The five remaining Republicans vying for president gathered in Myrtle Beach, S.C., on Monday night for a "raucous" debate that touched on everything from frontrunner Mitt Romney's hesitancy to release his tax returns to Newt Gingrich's support for having poor children work as janitors. The debate, sponsored by Fox News and The Wall Street Journal, was the first of two GOP faceoffs before Saturday's Palmetto State primary, when South Carolina voters will put their potentially race-ending stamp on the still-young GOP presidential nomination fight. (CNN hosts the second debate Thursday night.) Who helped themselves on Monday, and who lost?
"The four Republican candidates nipping at Mitt Romney's heels all needed a breakout moment at Monday night's debate," says Molly Ball at The Atlantic. Gingrich got it. The former House speaker (and former GOP frontrunner) was on fire, earning a rare standing ovation from the "rambunctious crowd" after answering a question from moderator Juan Williams about black people on food stamps and poor kids cleaning toilets with "a fiery crescendo of righteous indignation" about political correctness and President Obama. "This is the Gingrich Republicans fell in love with, zingy and compellingly bombastic." If this was a fight to be "the most enticing alternative to Romney," Gingrich won.
"Perry's performance left us wondering where this guy had been in the previous 14 debates," says Chris Cillizza at The Washington Post. Like Gingrich, Perry won the crowd to his side, drawing "raucous applause" by saying the Palmetto State is "at war" with the federal government, and throwing Romney off his game by asking why he won't release his tax returns. It's probably too late for a Perry surge, but "if this debate had been held back in September or October, Perry might well be on his way to a big win in South Carolina," says Jonathan Bernstein at The Washington Post.
"Romney didn't offer up a great performance," but he managed to avoid "the sort of disastrous moment that would have jeopardized his apparent march toward the GOP presidential nomination," says Brian Montopoli at CBS News. And "let's be honest: Mitt Romney only needed to avoid a complete meltdown to 'win' the debate," says Jennifer Rubin at The Washington Post. He did that, thanks largely to his luck in drawing "opponents who lacked the focus to pin him down." At this point, those opponents have four days left to stop Romney, adds Montopoli. "Based on Monday's performance, it's difficult to see how they will do so."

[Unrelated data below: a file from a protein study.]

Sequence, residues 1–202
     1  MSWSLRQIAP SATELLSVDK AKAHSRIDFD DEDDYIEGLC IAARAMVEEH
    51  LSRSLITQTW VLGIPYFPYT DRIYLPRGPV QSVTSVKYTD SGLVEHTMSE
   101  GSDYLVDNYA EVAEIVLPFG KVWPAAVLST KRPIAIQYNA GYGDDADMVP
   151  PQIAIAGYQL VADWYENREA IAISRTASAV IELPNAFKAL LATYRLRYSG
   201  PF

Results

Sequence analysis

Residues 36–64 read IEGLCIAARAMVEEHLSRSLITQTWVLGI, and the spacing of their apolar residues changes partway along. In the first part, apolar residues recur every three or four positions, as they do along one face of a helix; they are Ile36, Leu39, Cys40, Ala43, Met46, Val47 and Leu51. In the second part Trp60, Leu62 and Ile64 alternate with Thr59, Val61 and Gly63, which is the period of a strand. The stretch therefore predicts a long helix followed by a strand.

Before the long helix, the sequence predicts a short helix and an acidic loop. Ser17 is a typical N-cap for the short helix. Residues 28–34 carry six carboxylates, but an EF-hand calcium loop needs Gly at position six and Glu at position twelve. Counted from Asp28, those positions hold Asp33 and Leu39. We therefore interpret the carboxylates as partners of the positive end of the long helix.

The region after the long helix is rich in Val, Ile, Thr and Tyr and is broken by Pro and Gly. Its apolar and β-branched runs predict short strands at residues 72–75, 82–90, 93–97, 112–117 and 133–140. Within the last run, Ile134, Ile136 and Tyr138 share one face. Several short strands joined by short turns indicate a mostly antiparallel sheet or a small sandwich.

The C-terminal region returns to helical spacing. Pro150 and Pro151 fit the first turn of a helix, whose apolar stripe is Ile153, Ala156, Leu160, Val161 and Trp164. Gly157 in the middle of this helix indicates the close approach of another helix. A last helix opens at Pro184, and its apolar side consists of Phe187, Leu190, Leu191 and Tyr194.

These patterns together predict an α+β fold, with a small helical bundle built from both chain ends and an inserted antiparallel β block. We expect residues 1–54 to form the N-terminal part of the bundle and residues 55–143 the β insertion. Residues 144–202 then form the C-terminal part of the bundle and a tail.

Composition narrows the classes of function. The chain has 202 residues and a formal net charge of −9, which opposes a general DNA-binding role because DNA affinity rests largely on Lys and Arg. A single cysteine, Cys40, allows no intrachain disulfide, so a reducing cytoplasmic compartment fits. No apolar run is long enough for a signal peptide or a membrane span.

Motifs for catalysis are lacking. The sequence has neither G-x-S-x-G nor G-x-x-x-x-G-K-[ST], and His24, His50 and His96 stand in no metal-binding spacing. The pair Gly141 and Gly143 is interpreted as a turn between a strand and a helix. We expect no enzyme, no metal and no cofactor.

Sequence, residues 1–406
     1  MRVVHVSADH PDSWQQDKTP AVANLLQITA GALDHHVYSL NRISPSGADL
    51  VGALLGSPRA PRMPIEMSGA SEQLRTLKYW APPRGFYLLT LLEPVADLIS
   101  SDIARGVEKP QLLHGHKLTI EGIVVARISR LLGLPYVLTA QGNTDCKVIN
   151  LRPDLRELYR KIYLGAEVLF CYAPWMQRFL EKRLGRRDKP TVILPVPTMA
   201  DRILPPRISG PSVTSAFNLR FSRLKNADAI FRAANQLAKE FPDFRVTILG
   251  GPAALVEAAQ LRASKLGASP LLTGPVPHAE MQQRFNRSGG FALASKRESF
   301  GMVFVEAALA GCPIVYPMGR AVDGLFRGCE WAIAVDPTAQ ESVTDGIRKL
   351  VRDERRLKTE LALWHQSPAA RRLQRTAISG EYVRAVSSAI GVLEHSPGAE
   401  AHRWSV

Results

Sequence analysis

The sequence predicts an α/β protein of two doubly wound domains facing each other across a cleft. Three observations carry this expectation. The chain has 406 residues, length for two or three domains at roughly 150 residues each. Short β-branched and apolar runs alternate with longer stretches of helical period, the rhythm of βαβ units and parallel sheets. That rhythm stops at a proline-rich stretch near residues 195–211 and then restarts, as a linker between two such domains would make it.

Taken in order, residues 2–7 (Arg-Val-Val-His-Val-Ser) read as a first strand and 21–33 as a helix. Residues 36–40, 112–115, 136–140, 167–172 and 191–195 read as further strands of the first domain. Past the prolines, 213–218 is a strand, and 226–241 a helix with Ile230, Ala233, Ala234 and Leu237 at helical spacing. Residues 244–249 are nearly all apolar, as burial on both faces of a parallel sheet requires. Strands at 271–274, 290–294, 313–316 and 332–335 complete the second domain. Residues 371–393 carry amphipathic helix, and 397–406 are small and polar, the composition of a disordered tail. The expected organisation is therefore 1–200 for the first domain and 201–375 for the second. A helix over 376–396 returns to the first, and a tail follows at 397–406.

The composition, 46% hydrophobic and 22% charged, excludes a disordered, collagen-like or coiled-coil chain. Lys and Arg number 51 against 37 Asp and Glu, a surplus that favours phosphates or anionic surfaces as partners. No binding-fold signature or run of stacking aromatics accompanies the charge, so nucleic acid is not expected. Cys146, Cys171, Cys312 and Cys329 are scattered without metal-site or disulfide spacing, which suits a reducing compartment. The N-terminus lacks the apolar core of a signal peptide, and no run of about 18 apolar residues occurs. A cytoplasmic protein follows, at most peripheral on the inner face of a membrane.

Romney's performance was "intelligence-insultingly bad," says David Weigel at Slate. In a format where you have to be punchy and on-message, the usually slick Romney "dissembled beyond the point of comprehension." Yeah, it was clearly "Romney's worst debate," says Will Wilkinson at The Economist. He "seemed incredibly greasy, even for him, in his wriggling answer about disclosing his income taxes." And in the end, he sort of agreed to release them, probably in April, says Andrew Sullivan at The Daily Beast. I don't know how he'll hide his "far lower rate of taxation and far, far, far higher income than 99.999 percent of the population."
"Paul had one of his worst debates of the cycle," says Montopoli at CBS News. The other candidates piled on when he defended his "relatively isolationist foreign policy," the crowd booed him, and Paul "struggled to articulate his libertarian ideals as clearly and forcefully as he has in the past." For Paul and his enthusiastic fans, "such trivial, cosmetic matters as 'performance' don't matter," says The Atlantic's Ball. But if he was "hoping to win converts Monday, that seems unlikely."
Overzealous audience members
I'm "pro-audience involvement — to a point," says The Washington Post's Cillizza. But Monday night's debate "went beyond that point." The audience members not only jeered Paul, but also gallingly booed the moderators for simply asking questions. That level of audience enthusiasm was great for Gingrich and Perry, who were "vamping for crowd reaction" with each answer, but it was bad for the debate: All that "conservative red meat thrown on the debate stage" didn't leave much room for serious and detailed discussion of the candidates' ideas and proposals.